Michael Maguire's professionalism and belief will ensure the Kiwis' resurgence in international rugby league continues on his coaching watch.
That's the assessment of halfback Shaun Johnson following New Zealand's stunning 26-24 upset of world champions Australia at Mt Smart Stadium on Saturday.
In just his second Test in charge, Maguire had the hosts fizzing in a dominant performance, which was a world apart from what the Kiwis offered during the tenure of predecessor David Kidwell.
Johnson reckons it marks the start of a new era under former NRL premiership-winning coach Maguire and New Zealand Rugby League chief executive Greg Peters, who were both appointed in the fallout from last year's disastrous World Cup quarter-final exit.
Johnson said Australian Maguire's preparation and belief in his players opened the eyes of long-standing members of the team.
"The work had started before we actually assembled. That alone, I haven't had since I've been in this group," the 26-Test veteran said.
"It's no coincidence. Things change for a reason and the experience Madge (Maguire) has brought, the energy Greg's brought. It fizzes down from the top.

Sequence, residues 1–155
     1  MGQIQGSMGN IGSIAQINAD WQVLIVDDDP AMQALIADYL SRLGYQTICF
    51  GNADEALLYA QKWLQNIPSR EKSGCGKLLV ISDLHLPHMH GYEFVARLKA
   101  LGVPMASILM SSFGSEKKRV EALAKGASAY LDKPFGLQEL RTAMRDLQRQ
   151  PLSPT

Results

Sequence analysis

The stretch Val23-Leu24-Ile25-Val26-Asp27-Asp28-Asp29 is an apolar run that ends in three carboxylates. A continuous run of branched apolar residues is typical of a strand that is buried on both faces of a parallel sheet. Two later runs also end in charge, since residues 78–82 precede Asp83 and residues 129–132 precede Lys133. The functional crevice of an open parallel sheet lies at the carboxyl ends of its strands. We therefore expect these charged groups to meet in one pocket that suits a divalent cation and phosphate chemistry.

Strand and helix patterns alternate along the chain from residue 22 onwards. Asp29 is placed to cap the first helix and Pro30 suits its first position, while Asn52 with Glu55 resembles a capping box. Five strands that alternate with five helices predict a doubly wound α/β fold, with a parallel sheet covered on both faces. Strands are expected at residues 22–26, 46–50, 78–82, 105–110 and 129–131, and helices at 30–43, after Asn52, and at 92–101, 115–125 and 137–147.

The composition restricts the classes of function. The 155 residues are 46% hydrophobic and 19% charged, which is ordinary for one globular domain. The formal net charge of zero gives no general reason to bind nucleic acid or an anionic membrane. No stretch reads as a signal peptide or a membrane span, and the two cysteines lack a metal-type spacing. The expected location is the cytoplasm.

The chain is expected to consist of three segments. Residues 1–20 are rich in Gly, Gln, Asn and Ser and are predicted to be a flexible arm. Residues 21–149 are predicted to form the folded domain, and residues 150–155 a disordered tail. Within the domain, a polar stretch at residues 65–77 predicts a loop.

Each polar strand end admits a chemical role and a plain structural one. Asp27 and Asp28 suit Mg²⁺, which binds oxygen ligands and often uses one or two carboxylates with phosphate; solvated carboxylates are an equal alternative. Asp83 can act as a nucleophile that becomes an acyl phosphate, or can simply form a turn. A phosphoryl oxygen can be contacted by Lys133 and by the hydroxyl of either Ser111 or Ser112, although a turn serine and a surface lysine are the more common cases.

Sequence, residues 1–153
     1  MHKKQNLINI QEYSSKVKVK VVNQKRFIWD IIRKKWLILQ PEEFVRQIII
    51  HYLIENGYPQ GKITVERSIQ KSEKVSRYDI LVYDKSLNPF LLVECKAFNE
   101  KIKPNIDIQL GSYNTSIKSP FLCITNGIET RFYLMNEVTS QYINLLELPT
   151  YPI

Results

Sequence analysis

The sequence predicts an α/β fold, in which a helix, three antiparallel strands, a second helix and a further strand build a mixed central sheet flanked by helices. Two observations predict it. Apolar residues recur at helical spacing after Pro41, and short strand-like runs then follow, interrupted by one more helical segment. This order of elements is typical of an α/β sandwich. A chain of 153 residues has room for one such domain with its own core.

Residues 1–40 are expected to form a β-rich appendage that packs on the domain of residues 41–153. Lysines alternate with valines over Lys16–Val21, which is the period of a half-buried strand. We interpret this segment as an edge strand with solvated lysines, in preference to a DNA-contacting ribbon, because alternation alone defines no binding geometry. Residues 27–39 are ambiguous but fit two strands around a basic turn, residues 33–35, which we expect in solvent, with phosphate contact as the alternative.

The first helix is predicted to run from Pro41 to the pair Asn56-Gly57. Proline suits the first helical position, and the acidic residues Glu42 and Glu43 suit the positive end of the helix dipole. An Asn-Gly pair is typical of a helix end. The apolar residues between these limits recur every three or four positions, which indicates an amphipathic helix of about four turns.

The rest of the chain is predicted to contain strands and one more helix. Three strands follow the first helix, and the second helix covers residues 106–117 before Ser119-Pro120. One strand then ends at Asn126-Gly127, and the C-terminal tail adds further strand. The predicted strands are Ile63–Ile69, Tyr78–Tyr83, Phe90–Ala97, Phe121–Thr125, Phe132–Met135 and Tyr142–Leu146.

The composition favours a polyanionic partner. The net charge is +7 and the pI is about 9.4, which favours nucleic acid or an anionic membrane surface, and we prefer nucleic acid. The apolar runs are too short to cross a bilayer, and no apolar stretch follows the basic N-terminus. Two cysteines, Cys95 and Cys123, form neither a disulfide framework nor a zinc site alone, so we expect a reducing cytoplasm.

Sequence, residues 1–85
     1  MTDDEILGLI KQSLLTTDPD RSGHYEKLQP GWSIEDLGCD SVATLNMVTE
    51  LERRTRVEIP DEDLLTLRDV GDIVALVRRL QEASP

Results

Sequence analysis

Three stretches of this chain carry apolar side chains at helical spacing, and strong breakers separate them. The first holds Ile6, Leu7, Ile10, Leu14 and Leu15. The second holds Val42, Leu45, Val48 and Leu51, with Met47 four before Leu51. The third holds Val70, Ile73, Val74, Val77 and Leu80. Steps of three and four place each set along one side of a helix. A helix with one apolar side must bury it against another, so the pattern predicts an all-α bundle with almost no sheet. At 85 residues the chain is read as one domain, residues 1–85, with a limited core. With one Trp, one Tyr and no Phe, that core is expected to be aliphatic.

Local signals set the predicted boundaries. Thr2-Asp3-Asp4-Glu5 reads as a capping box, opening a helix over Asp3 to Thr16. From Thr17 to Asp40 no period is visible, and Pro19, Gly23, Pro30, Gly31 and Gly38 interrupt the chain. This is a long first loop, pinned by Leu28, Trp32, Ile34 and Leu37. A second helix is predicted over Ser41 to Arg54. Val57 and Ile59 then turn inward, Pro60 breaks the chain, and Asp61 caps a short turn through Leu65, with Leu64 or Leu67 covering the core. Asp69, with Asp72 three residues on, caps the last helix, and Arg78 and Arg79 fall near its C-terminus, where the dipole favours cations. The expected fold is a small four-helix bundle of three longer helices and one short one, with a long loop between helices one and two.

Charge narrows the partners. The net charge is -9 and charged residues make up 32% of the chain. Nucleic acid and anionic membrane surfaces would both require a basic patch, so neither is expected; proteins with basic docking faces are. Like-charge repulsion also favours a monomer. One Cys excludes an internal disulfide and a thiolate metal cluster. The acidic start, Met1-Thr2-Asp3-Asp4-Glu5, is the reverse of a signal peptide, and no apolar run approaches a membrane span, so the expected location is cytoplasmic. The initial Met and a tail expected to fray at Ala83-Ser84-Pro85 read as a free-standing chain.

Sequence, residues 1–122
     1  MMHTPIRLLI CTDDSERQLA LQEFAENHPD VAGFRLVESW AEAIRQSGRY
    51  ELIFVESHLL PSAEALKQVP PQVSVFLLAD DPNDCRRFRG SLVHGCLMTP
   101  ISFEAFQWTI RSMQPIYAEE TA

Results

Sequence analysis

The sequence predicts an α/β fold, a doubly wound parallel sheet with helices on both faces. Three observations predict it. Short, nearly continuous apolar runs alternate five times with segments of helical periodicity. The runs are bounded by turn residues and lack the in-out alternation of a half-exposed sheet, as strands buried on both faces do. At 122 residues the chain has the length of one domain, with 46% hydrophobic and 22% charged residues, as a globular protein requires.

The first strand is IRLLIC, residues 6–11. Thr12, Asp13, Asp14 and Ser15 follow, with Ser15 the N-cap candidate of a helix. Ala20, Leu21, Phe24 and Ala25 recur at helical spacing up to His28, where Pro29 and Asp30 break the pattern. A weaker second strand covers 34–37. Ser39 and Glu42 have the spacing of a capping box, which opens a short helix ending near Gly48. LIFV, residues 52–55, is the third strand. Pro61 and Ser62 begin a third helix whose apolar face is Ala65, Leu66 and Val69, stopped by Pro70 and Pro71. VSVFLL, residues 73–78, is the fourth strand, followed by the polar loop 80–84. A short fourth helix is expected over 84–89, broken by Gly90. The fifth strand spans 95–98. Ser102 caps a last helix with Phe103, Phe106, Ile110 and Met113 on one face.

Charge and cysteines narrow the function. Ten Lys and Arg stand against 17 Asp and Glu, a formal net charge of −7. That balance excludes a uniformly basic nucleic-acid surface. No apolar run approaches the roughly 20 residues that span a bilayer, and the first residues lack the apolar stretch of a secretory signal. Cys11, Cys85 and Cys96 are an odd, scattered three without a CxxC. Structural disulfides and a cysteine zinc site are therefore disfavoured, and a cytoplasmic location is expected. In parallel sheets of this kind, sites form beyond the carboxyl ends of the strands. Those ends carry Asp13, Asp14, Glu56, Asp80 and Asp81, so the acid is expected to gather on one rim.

"Madge spoke about winning that many times, it was almost as if we won the game before we played it."
Johnson admitted disappointment at a crowd size for the trans-Tasman triple-header of just 12,763 - less than half the ground's capacity and 5000 short of the average crowd for Warriors' NRL home matches this season.
He said the empty seats reflected how the team had sunk in the eyes of the Kiwi public, both with their results and off-field image.
He hopes that will gradually change, continuing during the looming three-Test series away to England.
Johnson's bright touches were enough for him to be crowned man of the match although there were numerous team-mates who would have challenged closely for the award.
The 28-year-old playmaker was simply happy to perform in his first match since the Warriors were eliminated from the NRL finals by Penrith five weeks ago.
He spent several weeks digesting criticism for his own performance, even though few of the Warriors fired in that game.
"Obviously, you take the good with the bad throughout your career and a lot of the time I'm at the front when things aren't going well," he said.
"Times like this, when you do play well and get a good win against a quality team, you've got to enjoy it. I thought we had boys right across the park that did their jobs and I was no different."